- Understanding Exposure: How to Shoot Great Photographs with Any Camera
- Understanding Shutter Speed: Creative Action and Low-Light Photography Beyond 1/125 Second
- BetterPhoto Basics: The Absolute Beginner's Guide to Taking Photos Like a Pro
- The BetterPhoto Guide to Digital Photography
- The Digital Photography Book
- Creative Shutter Speed: Master the Art of Motion Capture
When it comes to shooting cityscapes THE time to do it is after sunset or before sunrise. Too many photographers pack up their gear at sunset and head home, but the most dramatic shots are still waiting for you. The trick is to shoot at the right time.
The ONLY thing you need in addition to your camera is a tripod. The second thing that is key is being there at the right time of day. Generally speaking, this is about 15-20 before sunrise or after sunset. There will be a 2 to 3 minute period where the lights of the city and the light in the sky are perfectly balanced and everything will come together like this.
f/5.6 for 30 seconds at f/5.6 - ISO 100, Santorini, Greece
Many people attempt these shots when it is too late and that leaves them a black sky which doesn't bring much to the image in the way of being compelling. So, let's take a look at the progression.
Here is a shot about 5 minutes after sunset.
f/8 for 4 seconds, ISO 200, Dubai, UAE
5 minutes later the sky has darkened
f/8 for 8 seconds, ISO 100
Notice above how things are balancing out a lot better. But we aren't quite there yet. 10 minutes later we get that balance!
f/8 for 30 seconds, ISO 100
Above we have everything balanced out perfectly. Wait 10 more minutes and you get a black sky and lose all that color.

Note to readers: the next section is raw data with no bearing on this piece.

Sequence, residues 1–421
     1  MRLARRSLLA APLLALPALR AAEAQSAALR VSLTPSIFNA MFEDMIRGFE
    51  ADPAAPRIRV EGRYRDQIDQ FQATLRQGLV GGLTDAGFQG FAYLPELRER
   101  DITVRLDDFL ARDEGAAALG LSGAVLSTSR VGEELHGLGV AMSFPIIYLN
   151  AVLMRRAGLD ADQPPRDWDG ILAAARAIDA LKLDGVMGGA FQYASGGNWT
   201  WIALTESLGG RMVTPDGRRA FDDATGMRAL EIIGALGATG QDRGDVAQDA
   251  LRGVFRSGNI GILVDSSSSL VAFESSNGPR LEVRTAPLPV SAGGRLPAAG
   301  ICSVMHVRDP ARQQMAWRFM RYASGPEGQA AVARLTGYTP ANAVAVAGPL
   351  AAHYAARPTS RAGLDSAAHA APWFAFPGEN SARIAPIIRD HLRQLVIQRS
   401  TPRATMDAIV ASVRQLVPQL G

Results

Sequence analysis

f/8 for 30 seconds, ISO 100
So, looking at the above shots...how do I come to a decision on what my exposure should be? That's an easy one. I am in manual exposure mode and take my meter reading off the sky. This means, while looking through the viewfinder I look to up just above the skyline so that ALL I see in the viewfinder is the sky. Adjust for a correct exposure and then leave it there. The reason we do that is that the lights in the buildings will throw the meter off if you include them when you take a meter reading. Most times you will end up with an underexposure. So, meter the sky and keep metering that sky every minute or so...because the sky is losing light as time progresses.
Another thing that can be difficult at this time of day is autofocus. When it is darker out it can be difficult for the AF to lock into something for focus. So, what I do is pick a single AF point and choose something with a lot of contrast...in this case it was the buildings. I get my focus lock and then turn the autofocus OFF so it will stay locked at that distance. Be careful not to rotate the focus ring manually after you lock focus. Now you are all set and you can fire away with your exposure and focus set and know without a doubt that everything will be in focus and properly exposed.
Like anything, the more you do this the better you get at it. I am to a point now where I can watch the light while sitting at a restaurant with my wife, dash off to shoot, and be back in 5 to 10 minutes with the shots on my card, which keeps everybody much happier.
Here are a couple more shots that were taken using this technique.
f/16 for 25 seconds, ISO 100 - 10.5mm fisheye, Rome, Italy
f/8 for 30 seconds ISO 100, Newport, OR, USA
And this week we show some perfect pictures one of our students submitted for their course assignments....this time of year it is hard to get away from flowers and nature so we look again to another of Kathleen Clemon's students. Barb Kellogg turned out some amazing work and when I asked her what she had to say about her course experience she said, ""Kathleen obviously loves what she does, as it comes through in her lessons and critiques. For the Fine Art Class, her very well put together lessons are highlighted with examples of her own photography to illustrate the concepts to be learned. Not only is her photography beautiful, but she has a wonderful way of describing the lessons, and is kind, yet constructive, in her critiques. She offers suggestions to improve your photographs, even helps you "see" what she's talking about with a quick fix of your photo that she posts so you understand. I have learned so much from her ("simplify, simplify, simplify"), and when I remember to apply what I've learned, I'm a better photographer because of her."
Chris is teaching The Art of Seeing